How to Talk to Kids About Climate Change
Amira Azoulay, a 14-year-old Climate Kid, shares Four Pathways to Talk to Kids About Climate Change
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As parents, we’re on a constant path to strike a balance. We want to protect our kids from harm and negativity in the world. At the same time, we want to teach and prepare them for the future so they know they’ve got choices — like choosing kindness, taking action, and helping others — as they pick their own path.
Climate change can be one of those tricky issues to talk about. Because of climate change, we’re constantly bombarded by negative imagery and stories, and frankly, we’re overwhelmed. But our children are the ones who will really be dealing with the impacts of climate change — it’s the reality for this generation and generations to come.
To help parents everywhere approach the topic with kids in a way that feels truthful, actionable, and nurtured with a solid dose of hope, our global headquarters teamed up with Climate Kids, a U.S.-based organisation, for kid-led expert advice. Climate Kids has been educating youth on climate change through art, science, and storytelling for years. And now 14-year-old founding Climate Kid Amira Azoulay is sharing her climate change knowledge below.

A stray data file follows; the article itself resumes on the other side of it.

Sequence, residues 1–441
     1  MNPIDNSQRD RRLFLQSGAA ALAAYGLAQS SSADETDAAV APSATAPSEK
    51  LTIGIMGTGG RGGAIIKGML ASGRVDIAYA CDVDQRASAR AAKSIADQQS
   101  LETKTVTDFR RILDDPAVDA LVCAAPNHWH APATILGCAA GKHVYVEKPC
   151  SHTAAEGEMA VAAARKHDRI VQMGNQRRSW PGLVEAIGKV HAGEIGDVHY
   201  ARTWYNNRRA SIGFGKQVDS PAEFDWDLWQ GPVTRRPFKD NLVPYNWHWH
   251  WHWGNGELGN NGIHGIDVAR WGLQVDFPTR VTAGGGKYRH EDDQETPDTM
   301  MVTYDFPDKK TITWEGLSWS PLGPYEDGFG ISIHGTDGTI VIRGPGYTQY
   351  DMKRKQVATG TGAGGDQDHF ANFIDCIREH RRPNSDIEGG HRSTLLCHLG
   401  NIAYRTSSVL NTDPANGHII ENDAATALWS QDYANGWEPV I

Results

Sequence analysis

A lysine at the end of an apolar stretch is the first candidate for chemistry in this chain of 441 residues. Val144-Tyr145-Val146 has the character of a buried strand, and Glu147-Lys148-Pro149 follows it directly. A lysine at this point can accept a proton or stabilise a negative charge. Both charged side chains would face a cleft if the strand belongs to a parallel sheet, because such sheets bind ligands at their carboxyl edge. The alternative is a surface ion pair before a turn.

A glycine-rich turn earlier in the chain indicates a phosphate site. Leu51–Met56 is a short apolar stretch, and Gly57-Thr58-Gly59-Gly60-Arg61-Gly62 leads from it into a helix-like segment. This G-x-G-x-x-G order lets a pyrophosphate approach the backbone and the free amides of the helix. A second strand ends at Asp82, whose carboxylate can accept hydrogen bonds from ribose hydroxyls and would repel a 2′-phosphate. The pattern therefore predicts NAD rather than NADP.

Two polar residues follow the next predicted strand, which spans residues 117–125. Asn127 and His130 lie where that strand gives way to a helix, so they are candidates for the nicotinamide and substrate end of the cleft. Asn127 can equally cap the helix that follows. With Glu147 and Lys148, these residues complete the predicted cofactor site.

Amira, at age seven, and her mother Amber Pairis, founder of Climate Kids, lead a lesson on climate change for students in San Diego, California.
Fundamentals and Facts on Climate Change
A good first step is finding the right language to explain to your kids what climate change is. Before you dive into the conversation, we recommend brushing up on the core of the issue, starting with fundamentals and facts.
What Is Climate Change and What Causes It?
Climate change is caused by the increased levels of greenhouse gases in the atmosphere that act like a heat-trapping blanket around the Earth. The more greenhouse gases, the thicker the blanket and the warmer Earth gets. Human activities have caused an increase in greenhouse gases, which causes the systems that regulate heat and climate (such as oceans, soils, and forests) to become unbalanced, making it feel like the planet has a fever. As we continue to use non-renewable energy sources, we contribute to the increase of greenhouse gases and the Earth’s fever.
Building climate hope is more important than ever because it is the creativity, innovation, and solutions that our children will bring forward that will help shape our future.
Facts About Climate Change:
- The Earth’s climate is changing and has been at an increasingly rapid rate for the past 200 years.